The Hess Report


Monday, July 25, 2005

The Parable of the Vineyard, or, God Is Not a Leftist 

From Matthew 20:1-16 (verse numbers stripped and put into modern paragraphs by me):

For the kingdom of heaven is like a landowner who went out early in the morning to hire men to work in his vineyard. He agreed to pay them a denarius for the day and sent them into his vineyard. About the third hour he went out and saw others standing in the marketplace doing nothing. He told them, "You also go and work in my vineyard, and I will pay you whatever is right." So they went.

He went out again about the sixth hour and the ninth hour and did the same thing. About the eleventh hour he went out and found still others standing around. He asked them, "Why have you been standing here all day long doing nothing?"

"Because no one has hired us," they answered.

He said to them, "You also go and work in my vineyard."

When evening came, the owner of the vineyard said to his foreman, "Call the workers and pay them their wages, beginning with the last ones hired and going on to the first." The workers who were hired about the eleventh hour came and each received a denarius. So when those came who were hired first, they expected to receive more. But each one of them also received a denarius. When they received it, they began to grumble against the landowner.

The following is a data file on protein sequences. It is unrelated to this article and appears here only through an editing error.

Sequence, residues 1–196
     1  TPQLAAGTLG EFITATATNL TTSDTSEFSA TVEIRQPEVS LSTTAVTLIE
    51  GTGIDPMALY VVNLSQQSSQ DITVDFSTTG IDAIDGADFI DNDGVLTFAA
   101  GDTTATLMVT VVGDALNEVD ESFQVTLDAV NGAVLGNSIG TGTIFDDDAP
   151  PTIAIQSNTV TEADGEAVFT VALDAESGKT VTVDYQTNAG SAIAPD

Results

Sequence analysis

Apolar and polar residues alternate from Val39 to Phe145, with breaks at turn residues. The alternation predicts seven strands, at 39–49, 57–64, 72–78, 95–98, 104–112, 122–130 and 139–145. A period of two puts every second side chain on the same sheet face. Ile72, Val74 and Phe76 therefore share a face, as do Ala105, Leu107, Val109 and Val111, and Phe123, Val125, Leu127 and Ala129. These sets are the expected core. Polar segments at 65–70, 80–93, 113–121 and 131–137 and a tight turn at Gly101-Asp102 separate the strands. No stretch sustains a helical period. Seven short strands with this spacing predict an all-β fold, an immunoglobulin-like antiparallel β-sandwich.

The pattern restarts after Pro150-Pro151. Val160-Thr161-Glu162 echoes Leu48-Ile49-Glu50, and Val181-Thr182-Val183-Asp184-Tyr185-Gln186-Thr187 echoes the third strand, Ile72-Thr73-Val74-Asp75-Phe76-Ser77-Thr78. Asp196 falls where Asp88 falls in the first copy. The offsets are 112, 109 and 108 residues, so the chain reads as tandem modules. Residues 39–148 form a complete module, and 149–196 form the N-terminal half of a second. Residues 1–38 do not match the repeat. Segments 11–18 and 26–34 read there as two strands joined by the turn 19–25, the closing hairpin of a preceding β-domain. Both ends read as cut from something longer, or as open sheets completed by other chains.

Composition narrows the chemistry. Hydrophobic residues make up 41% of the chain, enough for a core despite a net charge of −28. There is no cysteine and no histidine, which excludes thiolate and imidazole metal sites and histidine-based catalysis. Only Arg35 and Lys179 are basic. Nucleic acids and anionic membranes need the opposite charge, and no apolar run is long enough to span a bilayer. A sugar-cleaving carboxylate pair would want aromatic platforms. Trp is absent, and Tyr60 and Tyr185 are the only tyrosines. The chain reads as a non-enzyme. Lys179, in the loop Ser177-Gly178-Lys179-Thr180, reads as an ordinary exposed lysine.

"These men who were hired last worked only one hour," they said, "and you have made them equal to us who have borne the burden of the work and the heat of the day."

But he answered one of them, "Friend, I am not being unfair to you. Didn't you agree to work for a denarius? Take your pay and go. I want to give the man who was hired last the same as I gave you. Don't I have the right to do what I want with my own money? Or are you envious because I am generous?"


Not one of the most quoted or popular passages from the Bible, but it's one of my favorites. The point that I (and most people) take from it is that we each make our deal/pact with God, and we don't have the right to comment or complain about the deal that He has made with others. It's none of our business.